Svetlana Alexievich did not need to invent the stories she told. She found them in the part of the world in which she spent the majority of her life. Those who, like her, were born in the Ukrainian city of Ivano-Frankivsk and then grew up in Belarus were surrounded by the legacy of the war: by the trenches that had been overgrown with weeds, by the rusting steel helmets that lay strewn about the forest, by the war-disabled managing to move through the streets on little wooden wagons. The villages were mostly inhabited by old women and children, as the men had either died in the war or disappeared in the camps. When Svetlana’s family moved to Belarus – her father was Belorussian, her mother Ukrainian – they moved to the epicenter of a country that had been devastated and depopulated by the Second World War, a country where it was unclear how it could ever recover. Belarus during the war: overrun several times by advancing troops; the setting of a demographic catastrophe unrivaled in Europe; 3.4 million people killed, i.e. one-third of the population; almost every Jew annihilated by the mass murder perpetrated by Einsatzkommandos; thousands of villages burned to the ground; the large cities – Minsk, Gomel, Mogilev, Vitebsk – nothing but debris and ash; hundreds of thousands on the run or already living in forests and swamps in alliance with the partisans. The young Svetlana Alexievich, who had graduated in 1967 from Minsk University with a degree in journalism and then worked for a while in the countryside, near Brest, for a newspaper, was familiar with this topography of death and the struggle to survive. In the official memory of the Great Patriotic War, there were the heroes, who, as a rule, were men. There were also heroic deeds, in which the actual war played no part. However, this real war was invoked by the women, the mothers, the grandmothers, the widows, who had never been consulted, but whose voices Svetlana had heard throughout her childhood. Never before in history had as many women been active in the armed forces as they were in the Soviet army during the Great Patriotic War – around one million women: as doctors, nurses, radio operators, sharpshooters, pilots, parachute jumpers and partisans. Addressing these themes involved not only correcting the unbalanced history of the Great Patriotic War, but also a shift in perspective, a different perception, the dark side of the heroic war, the gruesome reality that emerged in detail, in snapshot. One of the women talked about how after the war, she could no longer see the color red – neither in fabric, nor at a butcher; another recalled partisans who hid from the Germans by crawling inside a disemboweled cow cadaver. For Alexievich these details are of utmost importance. »You can’t make up something like that« and »You can’t deceive in the details,« she says. Emboldened by others who had already embarked in this direction – Ales Adamovich, Vasil Bykau, Janka Bryl, Daniil Granin – the author found the genre in which she would continue to work thereafter: the documentary tale, the documentary novel, or, as Lidiya Ginsburg called it: the construction of documentary prose. The protagonists in these stories, as the author once noted, »are not made up; they are real, living people; they don’t come from me – not from my will, my imagination or my professionalism«. The censors struggled with this sort of realism – naturalism was the scornful term for it in those days – thus the publication of »War’s Unwomanly Face« was delayed until 1985, the year of Perestroika, and only in Minsk and Moscow. Its huge success – over 2 million copies sold – proved that such a book was long overdue, and a later trial – concerning the Afghanistan book – showed that the challenge to the cult of the male hero had struck one of the most sensitive points of the Soviet self-image. »Without a doubt, we are a society defined absolutely by war«, said Svetlana Alexievich in conversation with Tatiana Bek, »a society thoroughly proofed by war … We’ve struggled with it all along; we prepared ourselves for the war; we remembered the war«. It is a fundamental theme that remained in existence until the dissolution of the Soviet Union; and in moments of crisis, it can apparently still be reactivated today.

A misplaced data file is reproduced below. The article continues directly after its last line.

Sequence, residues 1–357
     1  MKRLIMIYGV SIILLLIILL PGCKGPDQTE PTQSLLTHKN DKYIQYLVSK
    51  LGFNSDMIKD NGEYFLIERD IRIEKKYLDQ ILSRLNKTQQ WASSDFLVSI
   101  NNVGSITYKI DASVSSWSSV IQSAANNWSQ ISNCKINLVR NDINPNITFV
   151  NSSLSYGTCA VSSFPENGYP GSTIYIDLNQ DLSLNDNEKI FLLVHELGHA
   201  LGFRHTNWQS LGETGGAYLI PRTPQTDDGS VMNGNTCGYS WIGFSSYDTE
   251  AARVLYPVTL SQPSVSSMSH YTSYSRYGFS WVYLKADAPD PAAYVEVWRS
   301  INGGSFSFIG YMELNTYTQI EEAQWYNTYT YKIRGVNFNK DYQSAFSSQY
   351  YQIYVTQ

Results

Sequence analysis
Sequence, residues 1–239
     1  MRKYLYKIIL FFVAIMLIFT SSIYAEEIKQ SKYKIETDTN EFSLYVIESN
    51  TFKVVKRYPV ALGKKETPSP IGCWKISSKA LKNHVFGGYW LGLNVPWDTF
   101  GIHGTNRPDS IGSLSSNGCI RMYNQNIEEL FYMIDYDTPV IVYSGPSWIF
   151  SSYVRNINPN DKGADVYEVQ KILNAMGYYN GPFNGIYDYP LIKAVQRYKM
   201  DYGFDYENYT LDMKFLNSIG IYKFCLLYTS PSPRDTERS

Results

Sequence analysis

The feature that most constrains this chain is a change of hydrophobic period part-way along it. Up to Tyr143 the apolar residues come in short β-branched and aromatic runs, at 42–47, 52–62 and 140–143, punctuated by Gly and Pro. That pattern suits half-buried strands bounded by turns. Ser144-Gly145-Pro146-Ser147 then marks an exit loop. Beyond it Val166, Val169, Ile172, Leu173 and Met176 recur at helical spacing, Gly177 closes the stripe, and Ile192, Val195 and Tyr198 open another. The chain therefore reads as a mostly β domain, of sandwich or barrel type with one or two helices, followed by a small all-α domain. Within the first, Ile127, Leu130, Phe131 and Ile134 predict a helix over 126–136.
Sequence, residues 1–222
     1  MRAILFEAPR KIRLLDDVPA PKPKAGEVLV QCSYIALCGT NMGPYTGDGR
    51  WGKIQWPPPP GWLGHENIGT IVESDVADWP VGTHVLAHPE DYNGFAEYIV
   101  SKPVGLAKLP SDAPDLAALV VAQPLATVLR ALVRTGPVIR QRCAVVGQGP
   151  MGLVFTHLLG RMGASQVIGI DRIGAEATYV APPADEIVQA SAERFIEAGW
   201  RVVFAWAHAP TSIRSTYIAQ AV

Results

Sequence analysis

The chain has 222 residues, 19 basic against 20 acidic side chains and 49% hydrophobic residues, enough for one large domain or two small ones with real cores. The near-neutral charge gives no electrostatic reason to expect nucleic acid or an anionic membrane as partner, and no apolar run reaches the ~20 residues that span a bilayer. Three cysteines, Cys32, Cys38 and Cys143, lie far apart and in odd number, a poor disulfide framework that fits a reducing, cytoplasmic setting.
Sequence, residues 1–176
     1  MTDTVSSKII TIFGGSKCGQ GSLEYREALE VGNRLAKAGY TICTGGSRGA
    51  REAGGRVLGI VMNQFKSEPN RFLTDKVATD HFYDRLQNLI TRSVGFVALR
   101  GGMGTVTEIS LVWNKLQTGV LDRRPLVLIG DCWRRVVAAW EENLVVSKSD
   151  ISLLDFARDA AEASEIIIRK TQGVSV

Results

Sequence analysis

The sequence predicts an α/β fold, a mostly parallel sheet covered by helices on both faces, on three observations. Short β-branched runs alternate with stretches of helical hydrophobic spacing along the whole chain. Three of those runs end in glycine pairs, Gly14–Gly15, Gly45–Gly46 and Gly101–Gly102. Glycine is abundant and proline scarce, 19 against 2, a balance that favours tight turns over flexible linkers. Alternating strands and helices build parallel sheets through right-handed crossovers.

Svetlana Alexievich, who had never planned to concentrate entirely on war, became literally overtaken by war, in particular the secretive and taboo war begun at the end of 1979 »at the southern border« of the Soviet Union. Now it was not about the memory of the generation of mothers and fathers, but about a war in the present. Alexievich visited the theater of war, but above all she met the war’s participants, the so-called »Afghans« who, changed persons themselves, returned to a country that no longer was, and to an everyday life that they, sometimes maimed and traumatized, could make little sense of. The book is based on hundreds of conversations – ordinary soldiers, commanding officers, nurses, surgeons, mothers, wives, whose name are also included. It is also a montage of countless images. It is about the candor and recklessness that pervades when one has nothing more to lose and nothing more to hide – the parameters of the conversation are like those of an exchange between two perfect strangers on a long train ride. It is also the precise, overly sharp image of lacerated bodies, torn-off limbs, drinking binges, drug trips and emergency operations around the clock. The horror seems incidental, as if relegated to a dependent clause, accidently emerging from the subconscious, when a soldier mentions that the zinc caskets intended for casualties were also used to smuggle home war souvenirs, such as dried and threaded human ears, furs or drugs. But they, the model heroes of yesteryear, who hold fast to the belief that not everything was for naught, seem to have fallen out of time; it is the image of a lost generation. This book is not a military history; it addresses a war that has left behind its traces on the bodies and souls of its participants, and for which – in a radical departure from the Great Patriotic War – there was no patriotic basis whatsoever.